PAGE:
SurveyUSA has Rosenblum leading 52-27

Kari Chisholm FacebookTwitterWebsite

Wow. This is a huge number for Ellen Rosenblum in the Attorney General race. From KATU, who sponsored the SurveyUSA poll:

Out of 432 respondents likely to vote and those who had already voted, Rosenblum, a retired judge, received 52 percent of the vote while Holton, a former federal prosecutor, received 27 percent.

SurveyUSA conducted the poll between May 7 and May 10 and it had a margin of error of plus or minus 4.8 percent.

The pollsters found that 21 percent of the respondents were still undecided.

Digging into the details, Rosenblum leads among both men and women, among all age groups, among all income groups, and in Portland and the rest of state. She leads among every ideological sector, except the 11% of Democrats who call themselves "very conservative" - among whom Holton leads 54-34.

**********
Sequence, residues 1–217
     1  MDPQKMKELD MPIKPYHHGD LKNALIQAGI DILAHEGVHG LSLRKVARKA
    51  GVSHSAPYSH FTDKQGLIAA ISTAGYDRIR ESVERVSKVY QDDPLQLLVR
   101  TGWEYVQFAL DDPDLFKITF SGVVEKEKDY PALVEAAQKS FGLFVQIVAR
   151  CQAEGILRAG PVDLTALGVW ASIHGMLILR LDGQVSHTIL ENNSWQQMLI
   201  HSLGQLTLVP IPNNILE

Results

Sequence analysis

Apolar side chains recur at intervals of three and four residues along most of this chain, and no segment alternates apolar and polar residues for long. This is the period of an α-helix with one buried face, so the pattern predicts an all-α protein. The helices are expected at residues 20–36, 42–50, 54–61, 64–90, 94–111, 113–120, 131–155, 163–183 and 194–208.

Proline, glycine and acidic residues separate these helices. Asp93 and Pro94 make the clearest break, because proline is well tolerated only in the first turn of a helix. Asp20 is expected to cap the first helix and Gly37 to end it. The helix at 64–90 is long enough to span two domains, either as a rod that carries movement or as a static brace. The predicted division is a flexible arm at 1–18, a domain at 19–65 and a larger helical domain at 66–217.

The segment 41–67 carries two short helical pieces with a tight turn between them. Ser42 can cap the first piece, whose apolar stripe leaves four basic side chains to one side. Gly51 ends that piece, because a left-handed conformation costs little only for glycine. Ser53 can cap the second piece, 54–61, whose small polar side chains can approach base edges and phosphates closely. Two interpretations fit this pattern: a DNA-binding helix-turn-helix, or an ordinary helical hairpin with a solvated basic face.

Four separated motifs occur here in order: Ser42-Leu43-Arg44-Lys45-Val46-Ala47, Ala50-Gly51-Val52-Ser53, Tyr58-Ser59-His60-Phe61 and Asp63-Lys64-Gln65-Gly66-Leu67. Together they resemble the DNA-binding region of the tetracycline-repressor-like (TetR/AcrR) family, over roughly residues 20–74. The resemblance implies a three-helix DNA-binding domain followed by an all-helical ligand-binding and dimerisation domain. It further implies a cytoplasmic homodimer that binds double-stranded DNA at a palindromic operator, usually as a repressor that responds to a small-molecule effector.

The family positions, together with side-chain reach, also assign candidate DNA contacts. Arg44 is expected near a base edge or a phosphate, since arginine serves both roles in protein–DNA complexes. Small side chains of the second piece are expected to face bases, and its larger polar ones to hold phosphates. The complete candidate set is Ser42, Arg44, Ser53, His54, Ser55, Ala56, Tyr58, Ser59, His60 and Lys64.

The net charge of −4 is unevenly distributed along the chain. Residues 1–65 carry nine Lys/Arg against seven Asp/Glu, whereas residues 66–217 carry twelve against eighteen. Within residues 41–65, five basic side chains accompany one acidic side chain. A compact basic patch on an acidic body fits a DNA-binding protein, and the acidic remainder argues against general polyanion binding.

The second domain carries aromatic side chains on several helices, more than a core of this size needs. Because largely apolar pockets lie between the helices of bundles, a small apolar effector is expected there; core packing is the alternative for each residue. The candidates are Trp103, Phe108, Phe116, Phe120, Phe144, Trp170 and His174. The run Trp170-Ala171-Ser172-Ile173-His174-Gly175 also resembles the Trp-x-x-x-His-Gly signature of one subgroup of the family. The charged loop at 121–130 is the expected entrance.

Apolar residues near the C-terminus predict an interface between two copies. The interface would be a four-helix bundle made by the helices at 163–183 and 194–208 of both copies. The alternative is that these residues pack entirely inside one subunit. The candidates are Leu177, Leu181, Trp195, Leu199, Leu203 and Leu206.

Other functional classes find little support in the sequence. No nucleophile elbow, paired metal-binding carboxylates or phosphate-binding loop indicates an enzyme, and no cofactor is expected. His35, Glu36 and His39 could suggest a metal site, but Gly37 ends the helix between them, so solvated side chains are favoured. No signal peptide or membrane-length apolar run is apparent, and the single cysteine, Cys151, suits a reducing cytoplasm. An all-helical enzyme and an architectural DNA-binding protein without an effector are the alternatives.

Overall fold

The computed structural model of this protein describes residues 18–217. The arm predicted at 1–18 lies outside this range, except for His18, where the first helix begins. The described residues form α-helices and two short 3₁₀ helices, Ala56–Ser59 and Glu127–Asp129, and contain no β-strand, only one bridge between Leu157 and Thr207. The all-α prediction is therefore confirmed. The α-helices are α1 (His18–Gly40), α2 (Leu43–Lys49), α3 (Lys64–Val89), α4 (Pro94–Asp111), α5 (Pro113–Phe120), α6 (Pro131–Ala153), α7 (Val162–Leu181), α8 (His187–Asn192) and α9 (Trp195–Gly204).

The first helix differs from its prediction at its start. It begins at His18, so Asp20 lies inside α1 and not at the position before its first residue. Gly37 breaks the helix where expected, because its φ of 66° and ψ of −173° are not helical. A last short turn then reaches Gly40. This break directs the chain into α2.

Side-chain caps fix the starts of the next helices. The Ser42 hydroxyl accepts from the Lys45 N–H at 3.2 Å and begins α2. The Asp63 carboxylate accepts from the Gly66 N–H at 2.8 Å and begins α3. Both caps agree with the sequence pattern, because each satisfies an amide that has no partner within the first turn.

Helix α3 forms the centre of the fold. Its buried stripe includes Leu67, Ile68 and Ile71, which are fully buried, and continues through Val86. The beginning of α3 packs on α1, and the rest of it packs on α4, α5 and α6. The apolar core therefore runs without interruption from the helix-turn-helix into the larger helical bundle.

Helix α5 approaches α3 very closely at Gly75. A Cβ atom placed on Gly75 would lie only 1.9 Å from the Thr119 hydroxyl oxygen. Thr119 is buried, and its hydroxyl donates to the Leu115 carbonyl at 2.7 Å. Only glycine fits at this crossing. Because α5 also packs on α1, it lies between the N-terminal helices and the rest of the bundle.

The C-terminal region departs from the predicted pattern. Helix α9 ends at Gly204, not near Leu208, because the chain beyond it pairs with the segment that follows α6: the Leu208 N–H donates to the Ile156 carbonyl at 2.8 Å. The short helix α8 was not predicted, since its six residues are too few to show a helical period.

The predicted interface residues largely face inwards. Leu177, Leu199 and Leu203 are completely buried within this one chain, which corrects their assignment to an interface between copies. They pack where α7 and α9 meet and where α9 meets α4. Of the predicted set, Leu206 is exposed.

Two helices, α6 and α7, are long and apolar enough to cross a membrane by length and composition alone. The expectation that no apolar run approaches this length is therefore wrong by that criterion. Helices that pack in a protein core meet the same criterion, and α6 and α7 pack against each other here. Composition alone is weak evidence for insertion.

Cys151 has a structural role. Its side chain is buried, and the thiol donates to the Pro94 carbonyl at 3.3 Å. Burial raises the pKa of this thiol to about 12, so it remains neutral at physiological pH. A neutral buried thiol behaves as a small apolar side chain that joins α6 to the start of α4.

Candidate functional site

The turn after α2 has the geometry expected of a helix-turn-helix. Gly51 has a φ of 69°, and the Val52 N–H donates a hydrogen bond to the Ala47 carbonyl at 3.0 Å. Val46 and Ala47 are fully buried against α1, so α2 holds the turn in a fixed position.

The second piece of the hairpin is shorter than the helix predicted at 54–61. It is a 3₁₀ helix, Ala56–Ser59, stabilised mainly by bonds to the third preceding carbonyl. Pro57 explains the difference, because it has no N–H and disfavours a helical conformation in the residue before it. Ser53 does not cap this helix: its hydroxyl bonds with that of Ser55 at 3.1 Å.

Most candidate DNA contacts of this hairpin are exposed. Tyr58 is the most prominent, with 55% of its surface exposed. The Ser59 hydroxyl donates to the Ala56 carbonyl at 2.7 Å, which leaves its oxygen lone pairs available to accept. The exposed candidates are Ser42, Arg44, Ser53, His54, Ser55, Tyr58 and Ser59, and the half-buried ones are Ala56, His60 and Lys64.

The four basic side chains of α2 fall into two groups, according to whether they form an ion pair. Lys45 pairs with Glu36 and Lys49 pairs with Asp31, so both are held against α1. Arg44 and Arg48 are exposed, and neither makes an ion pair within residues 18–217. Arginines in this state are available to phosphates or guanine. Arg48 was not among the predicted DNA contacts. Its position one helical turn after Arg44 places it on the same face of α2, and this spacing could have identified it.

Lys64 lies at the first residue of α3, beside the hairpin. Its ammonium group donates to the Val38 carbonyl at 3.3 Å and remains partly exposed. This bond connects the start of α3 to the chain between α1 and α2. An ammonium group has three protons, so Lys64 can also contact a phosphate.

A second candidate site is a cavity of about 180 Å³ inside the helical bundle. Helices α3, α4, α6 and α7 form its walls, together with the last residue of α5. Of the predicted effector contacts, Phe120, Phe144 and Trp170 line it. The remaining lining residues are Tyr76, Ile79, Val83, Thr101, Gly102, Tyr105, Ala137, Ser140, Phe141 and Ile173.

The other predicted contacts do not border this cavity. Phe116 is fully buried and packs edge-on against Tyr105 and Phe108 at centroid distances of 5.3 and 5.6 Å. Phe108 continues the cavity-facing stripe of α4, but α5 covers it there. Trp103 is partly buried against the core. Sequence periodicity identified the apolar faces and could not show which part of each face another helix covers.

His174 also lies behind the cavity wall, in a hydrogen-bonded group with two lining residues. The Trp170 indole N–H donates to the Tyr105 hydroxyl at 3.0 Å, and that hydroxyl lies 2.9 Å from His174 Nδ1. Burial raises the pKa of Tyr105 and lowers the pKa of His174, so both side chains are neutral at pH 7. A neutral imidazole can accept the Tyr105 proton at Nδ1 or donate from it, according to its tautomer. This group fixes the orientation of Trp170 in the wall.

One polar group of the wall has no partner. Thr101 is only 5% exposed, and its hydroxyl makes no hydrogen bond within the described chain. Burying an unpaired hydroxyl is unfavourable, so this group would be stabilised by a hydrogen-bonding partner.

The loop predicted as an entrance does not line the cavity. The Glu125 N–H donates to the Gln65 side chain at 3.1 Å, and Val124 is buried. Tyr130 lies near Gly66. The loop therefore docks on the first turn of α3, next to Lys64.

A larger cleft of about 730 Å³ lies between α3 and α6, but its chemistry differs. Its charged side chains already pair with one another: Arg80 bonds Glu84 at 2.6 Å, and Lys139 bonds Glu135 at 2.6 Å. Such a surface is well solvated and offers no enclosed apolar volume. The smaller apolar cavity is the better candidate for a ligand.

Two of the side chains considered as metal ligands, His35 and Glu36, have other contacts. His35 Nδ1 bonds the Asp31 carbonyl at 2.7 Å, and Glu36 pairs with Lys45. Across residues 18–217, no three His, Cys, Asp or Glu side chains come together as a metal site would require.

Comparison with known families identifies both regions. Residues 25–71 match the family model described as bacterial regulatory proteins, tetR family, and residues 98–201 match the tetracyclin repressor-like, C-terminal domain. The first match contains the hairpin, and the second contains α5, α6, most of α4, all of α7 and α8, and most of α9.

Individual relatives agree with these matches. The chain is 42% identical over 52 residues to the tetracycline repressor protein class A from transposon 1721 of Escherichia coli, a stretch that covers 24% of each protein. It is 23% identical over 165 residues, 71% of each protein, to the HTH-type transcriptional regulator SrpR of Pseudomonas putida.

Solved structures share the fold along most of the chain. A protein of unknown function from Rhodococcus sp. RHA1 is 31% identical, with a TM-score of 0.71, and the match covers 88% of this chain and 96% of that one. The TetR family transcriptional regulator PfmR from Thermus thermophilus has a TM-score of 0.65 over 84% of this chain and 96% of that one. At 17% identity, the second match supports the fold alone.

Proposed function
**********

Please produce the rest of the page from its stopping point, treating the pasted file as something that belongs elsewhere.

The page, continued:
Despite all the chatter here at BlueOregon, I can't imagine that medical marijuana has that much resonance as an issue. If these numbers hold up, to what do you attribute Rosenblum's strong showing against Holton?

Update, 9:25 a.m. The Oregonian's Jeff Mapes notes that the Rosenblum campaign released an internal poll a few days ago showing a 32-17 lead, and the Holton campaign released an internal showing him up 27-23. As for my question about the power of marijuana as a campaign argument, Mapes notes Rosenblum's support across nearly all demographics and suggests, "it's hard to see that as the determining factor in the race."

Comments

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    I voted for Rosenblum but I don't believe that margin at all. I don't believe the Pres. match-up is only a 4 pt margin either. I think these are flawed numbers. My guess, Rosenblum wins by 10-12 pts. Obama is leading 8-10 pts in Oregon.

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    BANG BANG BANG